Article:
However, the problem remains in midfield and attack. Fabian Ruiz and Thiago Alcantara are Spain’s best two current creators but cannot fit into a 4-3-3, while the Busquets/Rodri debate will continue to intensify as time and the proverbial torch passes from one to his natural successor.
Santi Cazorla is 34 but remains a useful creative option, like Dani Ceballos. He flatters to deceive and is rather ineffective when not playing in his preferred role. But where truly is that? Rodrigo netted his eighth Spain goal on this occasion, but he’ll be jostling with Gerard Moreno and Paco Alcacer once the latter returns to full fitness. Which formation is best? 4-3-3? 4-3-1-2? 4-2-3-1?
#2 Sweden’s gameplan almost prevails, exposing tiki-taka flaws
If you only watched the first twenty minutes here and had to go out, you’d be justified in assuming Spain eventually ran away with the game. Instead, Sweden held firm and responded well to ongoing pressure on their goal – having Robin Olsen to thank for keeping the scores level – before exacting a plan of their own which almost worked to perfection.
Suckering the Spaniards into a false sense of security worked, because they were able to counter-attack with numbers and force their opponents into mistakes in possession. Rodri, Thiago and Ceballos all relinquished possession cheaply at times, while their fullbacks in Bernat and Carvajal lost it more than most. 32 times combined between the pair over the 90.
Despite firing narrowly wide before half-time, Forsberg was fairly quiet but Quaison certainly wasn’t: it was his brilliant cross in the build-up which created Berg’s opener, while the Swedes were economical with timing and nature of their tactical fouls (18), stifling Spain after scoring.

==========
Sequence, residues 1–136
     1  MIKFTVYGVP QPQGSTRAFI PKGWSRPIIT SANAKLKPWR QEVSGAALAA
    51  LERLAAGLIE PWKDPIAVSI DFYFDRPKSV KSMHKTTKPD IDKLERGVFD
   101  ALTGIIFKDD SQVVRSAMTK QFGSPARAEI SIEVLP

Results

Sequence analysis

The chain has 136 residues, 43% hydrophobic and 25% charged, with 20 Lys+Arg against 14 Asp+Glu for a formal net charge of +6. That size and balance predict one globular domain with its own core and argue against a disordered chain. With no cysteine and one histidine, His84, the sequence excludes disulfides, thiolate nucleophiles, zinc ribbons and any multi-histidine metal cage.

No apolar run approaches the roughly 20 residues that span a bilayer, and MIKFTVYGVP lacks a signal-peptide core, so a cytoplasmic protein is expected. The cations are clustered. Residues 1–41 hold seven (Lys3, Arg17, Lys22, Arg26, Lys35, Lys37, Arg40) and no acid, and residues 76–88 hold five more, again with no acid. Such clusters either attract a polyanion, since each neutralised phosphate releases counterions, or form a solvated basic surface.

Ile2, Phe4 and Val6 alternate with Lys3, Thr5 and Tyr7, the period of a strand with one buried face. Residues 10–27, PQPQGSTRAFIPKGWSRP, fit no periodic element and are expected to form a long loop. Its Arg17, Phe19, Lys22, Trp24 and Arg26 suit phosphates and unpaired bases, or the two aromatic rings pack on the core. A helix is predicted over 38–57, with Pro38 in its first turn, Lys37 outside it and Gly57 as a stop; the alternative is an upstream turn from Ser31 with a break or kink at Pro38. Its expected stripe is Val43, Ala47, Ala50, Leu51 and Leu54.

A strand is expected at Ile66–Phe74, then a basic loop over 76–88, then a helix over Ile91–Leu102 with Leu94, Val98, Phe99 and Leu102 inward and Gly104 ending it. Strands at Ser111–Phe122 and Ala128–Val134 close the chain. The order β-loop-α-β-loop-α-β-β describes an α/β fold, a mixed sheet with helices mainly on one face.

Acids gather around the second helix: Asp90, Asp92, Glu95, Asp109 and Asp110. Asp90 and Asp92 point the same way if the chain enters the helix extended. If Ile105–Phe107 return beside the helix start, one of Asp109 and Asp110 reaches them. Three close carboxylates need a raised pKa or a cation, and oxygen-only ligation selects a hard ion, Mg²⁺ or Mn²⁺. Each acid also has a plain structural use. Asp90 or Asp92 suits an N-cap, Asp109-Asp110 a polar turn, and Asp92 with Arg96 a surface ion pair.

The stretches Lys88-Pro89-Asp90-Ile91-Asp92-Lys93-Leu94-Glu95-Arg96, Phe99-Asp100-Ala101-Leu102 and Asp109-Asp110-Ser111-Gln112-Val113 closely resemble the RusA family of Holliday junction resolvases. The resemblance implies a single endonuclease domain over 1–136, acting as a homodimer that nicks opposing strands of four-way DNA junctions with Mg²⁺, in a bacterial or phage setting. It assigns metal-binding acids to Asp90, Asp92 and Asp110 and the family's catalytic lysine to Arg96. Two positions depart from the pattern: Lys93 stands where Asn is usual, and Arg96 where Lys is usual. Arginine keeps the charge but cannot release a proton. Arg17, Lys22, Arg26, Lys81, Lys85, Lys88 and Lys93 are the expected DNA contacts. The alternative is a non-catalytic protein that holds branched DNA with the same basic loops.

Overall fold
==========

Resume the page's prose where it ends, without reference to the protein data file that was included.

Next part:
It exposed Spain’s tiki-taka weakness, one regularly questioned when they fall short at major tournaments or struggle to breakdown sides they should be comfortably beating. A prime example was World Cup hosts Russia last summer and despite being a drastically different team 14 months on, the same issues are bubbling to the surface again.
#1 fabian ruiz excels, rodrigo crushes Swedish hearts late on
With that previous point in mind, Spain have inspired subsitute Rodrigo to thank as he saved their blushes during a match they had no business earning a result from. That seems bizarre to say after a dominant 20-minute spell but the fact the scores were goalless at half-time was more self-inflicted than anything else. Olsen had saves to make but the Cagliari goalkeeper would have been expecting a busy night regardless, given Spain’s creative qualities.
He made five saves, Hertha Berlin’s Rune Jarstein made just two on Friday but the visitors also had Napoli playmaker Fabian Ruiz to thank. The 23-year-old regularly looked to create chances during a match where Sweden’s backline embraced the challenge, particularly after a sluggish start once they begun asserting themselves midway through the first-half.
Eager for the ball, no player had more than his 115 touches here. Comfortably their best performer, questions have been asked over the step-up from under-21 to senior international level but displays this season have proven a welcome advert for his creative capabilities.
He belongs. 94.9% pass success, five duels won, four key passes and three tackles completed, Ruiz comfortably outshone his midfield counterparts against a resilient Sweden side who refused to fold under pressure but were left heartbroken in stoppage-time.